An excerpt of my review of Yelena Moskovich’s scintillating third novel: A Door Behind A Door. Moskovich is one of my contemporary favorites, a bold and daring stylist who extends the frontiers of language and vision.
In the afterlife
You could be headed for the serious strife
Now you make the scene all day
But tomorrow there’ll be Hell to pay
—The Squirrel Nut Zippers, “Hell”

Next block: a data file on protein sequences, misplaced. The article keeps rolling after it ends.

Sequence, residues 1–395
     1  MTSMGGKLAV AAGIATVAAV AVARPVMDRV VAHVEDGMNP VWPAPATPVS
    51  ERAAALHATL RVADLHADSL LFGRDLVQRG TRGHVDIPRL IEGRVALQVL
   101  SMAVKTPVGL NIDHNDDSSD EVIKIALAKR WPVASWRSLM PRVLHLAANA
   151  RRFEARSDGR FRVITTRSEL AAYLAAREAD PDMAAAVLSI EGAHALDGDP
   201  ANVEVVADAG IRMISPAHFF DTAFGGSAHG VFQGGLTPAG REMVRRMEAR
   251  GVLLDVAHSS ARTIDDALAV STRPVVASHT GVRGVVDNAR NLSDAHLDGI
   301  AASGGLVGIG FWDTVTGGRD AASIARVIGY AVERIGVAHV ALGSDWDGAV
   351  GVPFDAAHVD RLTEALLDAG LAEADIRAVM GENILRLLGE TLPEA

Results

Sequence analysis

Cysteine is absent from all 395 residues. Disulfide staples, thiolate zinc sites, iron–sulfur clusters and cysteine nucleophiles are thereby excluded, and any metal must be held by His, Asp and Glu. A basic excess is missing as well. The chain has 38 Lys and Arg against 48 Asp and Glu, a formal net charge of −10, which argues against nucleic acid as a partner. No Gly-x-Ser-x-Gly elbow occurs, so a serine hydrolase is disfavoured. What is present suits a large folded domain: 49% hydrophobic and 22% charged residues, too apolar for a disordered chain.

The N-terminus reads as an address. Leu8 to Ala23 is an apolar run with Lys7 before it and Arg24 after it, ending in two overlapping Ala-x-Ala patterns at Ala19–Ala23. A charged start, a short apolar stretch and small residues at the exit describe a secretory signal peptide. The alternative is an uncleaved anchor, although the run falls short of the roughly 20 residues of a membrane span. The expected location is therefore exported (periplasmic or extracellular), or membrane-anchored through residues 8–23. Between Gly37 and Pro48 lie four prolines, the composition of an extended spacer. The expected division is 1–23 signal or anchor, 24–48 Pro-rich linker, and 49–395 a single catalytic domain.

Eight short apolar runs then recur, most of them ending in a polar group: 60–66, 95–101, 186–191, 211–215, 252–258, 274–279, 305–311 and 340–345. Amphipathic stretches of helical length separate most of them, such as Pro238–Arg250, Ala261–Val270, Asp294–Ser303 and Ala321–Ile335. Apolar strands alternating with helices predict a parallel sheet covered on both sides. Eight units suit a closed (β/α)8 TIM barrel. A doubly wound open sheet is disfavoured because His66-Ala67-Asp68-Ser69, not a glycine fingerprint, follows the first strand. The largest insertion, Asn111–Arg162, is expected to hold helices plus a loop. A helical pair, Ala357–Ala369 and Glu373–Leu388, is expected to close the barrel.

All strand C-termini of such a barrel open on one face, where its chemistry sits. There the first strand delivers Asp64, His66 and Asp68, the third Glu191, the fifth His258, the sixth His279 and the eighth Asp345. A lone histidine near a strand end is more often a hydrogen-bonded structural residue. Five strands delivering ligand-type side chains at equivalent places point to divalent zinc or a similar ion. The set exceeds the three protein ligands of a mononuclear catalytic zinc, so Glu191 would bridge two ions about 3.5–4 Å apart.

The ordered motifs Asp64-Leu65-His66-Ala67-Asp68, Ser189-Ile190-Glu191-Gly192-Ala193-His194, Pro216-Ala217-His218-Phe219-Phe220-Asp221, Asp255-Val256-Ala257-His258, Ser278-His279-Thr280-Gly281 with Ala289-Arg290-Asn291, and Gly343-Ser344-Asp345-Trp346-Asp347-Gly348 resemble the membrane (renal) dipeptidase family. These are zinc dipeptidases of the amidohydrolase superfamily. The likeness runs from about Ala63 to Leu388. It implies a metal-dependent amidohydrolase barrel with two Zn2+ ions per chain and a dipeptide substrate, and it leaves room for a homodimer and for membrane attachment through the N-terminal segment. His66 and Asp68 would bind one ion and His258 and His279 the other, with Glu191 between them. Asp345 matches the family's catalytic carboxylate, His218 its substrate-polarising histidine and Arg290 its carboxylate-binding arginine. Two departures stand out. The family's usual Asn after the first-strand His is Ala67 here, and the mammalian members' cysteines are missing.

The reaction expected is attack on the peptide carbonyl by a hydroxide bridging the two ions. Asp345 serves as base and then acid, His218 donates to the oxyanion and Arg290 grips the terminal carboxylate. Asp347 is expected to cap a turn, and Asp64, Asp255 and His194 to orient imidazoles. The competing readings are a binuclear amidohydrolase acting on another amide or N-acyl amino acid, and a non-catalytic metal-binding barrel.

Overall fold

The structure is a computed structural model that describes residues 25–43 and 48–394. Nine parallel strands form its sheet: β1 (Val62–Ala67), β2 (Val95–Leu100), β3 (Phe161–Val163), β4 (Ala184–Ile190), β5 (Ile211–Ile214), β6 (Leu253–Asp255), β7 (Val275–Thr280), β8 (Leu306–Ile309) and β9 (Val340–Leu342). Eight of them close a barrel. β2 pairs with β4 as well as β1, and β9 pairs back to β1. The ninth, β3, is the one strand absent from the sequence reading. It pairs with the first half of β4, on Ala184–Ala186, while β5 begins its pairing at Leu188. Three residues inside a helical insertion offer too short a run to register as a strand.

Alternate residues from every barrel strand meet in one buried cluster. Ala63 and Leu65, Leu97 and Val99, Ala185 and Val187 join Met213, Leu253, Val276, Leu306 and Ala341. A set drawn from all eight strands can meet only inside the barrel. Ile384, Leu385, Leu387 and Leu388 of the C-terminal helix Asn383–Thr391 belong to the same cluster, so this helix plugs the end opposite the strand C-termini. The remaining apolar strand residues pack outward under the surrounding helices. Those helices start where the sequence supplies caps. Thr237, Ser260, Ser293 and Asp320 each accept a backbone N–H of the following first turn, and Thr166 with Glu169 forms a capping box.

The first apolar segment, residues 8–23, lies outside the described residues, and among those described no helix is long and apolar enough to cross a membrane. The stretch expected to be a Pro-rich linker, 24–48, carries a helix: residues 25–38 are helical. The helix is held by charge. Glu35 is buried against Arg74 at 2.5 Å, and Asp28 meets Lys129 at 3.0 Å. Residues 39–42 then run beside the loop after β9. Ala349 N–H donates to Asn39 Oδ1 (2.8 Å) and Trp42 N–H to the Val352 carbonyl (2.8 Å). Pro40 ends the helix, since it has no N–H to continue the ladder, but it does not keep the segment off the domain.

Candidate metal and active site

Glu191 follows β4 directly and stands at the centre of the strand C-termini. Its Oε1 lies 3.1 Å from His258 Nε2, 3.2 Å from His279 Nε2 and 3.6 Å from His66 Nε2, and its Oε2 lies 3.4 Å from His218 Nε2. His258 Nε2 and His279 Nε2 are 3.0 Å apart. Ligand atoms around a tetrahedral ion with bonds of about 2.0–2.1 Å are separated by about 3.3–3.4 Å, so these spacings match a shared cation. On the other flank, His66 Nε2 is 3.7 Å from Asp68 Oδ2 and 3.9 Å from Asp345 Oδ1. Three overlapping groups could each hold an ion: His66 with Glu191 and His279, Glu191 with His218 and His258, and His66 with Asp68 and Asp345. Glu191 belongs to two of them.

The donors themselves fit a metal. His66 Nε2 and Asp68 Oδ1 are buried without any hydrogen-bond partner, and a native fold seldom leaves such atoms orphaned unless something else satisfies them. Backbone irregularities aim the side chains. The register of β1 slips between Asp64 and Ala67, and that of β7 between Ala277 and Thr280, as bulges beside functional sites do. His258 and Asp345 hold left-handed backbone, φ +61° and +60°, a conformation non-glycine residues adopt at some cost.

Look out there. In the distance, toward the horizon. Can you see it? More importantly, can you feel it? A solitary rowboat adrift at sea, the waves like scallop-fringed wraiths from a Japanese woodblock beginning to gather around it, and the individual in that boat, brave and terrified and lost and found all at once, continues what has been called the “awful rowing toward God.” Here, now, comes the soundtrack, as if the silver linings in clouds host angels porcelain voices: Row row row your boat / Gently down the stream / Merrily merrily merrily merrily / Life is a but a dream. Or nightmare. Track #2 is is the remix of another cheery children’s tune: The wheels on the bus go round and round, round and round, round and round…. Will the wheels ever stop? What kind of bus is this? Is there a way to get off? Where is it going, really? And the bus driver, with the missing eye and wax-slicked moustache and non-existent lips, why doesn’t he ever say a word? Just leers into the rearview from time to time, where you can’t tell if his one good eye is full of malice or mischief or both. These, and other liminally hazardous forms of travel, constitute the transit inner-verse as constructed by Yelena Moskovich.